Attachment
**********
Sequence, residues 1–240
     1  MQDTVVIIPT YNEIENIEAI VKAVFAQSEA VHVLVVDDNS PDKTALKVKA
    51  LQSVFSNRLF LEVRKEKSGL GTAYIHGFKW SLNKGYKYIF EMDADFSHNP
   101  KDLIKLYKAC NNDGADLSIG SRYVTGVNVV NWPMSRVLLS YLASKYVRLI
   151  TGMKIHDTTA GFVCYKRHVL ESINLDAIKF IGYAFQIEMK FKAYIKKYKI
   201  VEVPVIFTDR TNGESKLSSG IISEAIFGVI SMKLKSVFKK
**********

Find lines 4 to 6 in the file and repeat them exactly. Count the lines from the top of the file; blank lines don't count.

   101  KDLIKLYKAC NNDGADLSIG SRYVTGVNVV NWPMSRVLLS YLASKYVRLI
   151  TGMKIHDTTA GFVCYKRHVL ESINLDAIKF IGYAFQIEMK FKAYIKKYKI
   201  VEVPVIFTDR TNGESKLSSG IISEAIFGVI SMKLKSVFKK